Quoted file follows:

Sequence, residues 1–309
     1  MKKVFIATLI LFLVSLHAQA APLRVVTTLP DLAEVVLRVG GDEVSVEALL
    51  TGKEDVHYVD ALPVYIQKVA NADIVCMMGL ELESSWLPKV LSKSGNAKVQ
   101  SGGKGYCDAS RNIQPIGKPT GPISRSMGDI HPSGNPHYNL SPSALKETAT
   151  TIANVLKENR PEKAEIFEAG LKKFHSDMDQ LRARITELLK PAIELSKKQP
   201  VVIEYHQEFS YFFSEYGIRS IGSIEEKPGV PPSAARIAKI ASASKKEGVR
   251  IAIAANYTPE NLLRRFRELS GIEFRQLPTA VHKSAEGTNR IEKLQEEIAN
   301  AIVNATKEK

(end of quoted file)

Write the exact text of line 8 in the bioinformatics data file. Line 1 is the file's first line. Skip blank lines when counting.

   301  AIVNATKEK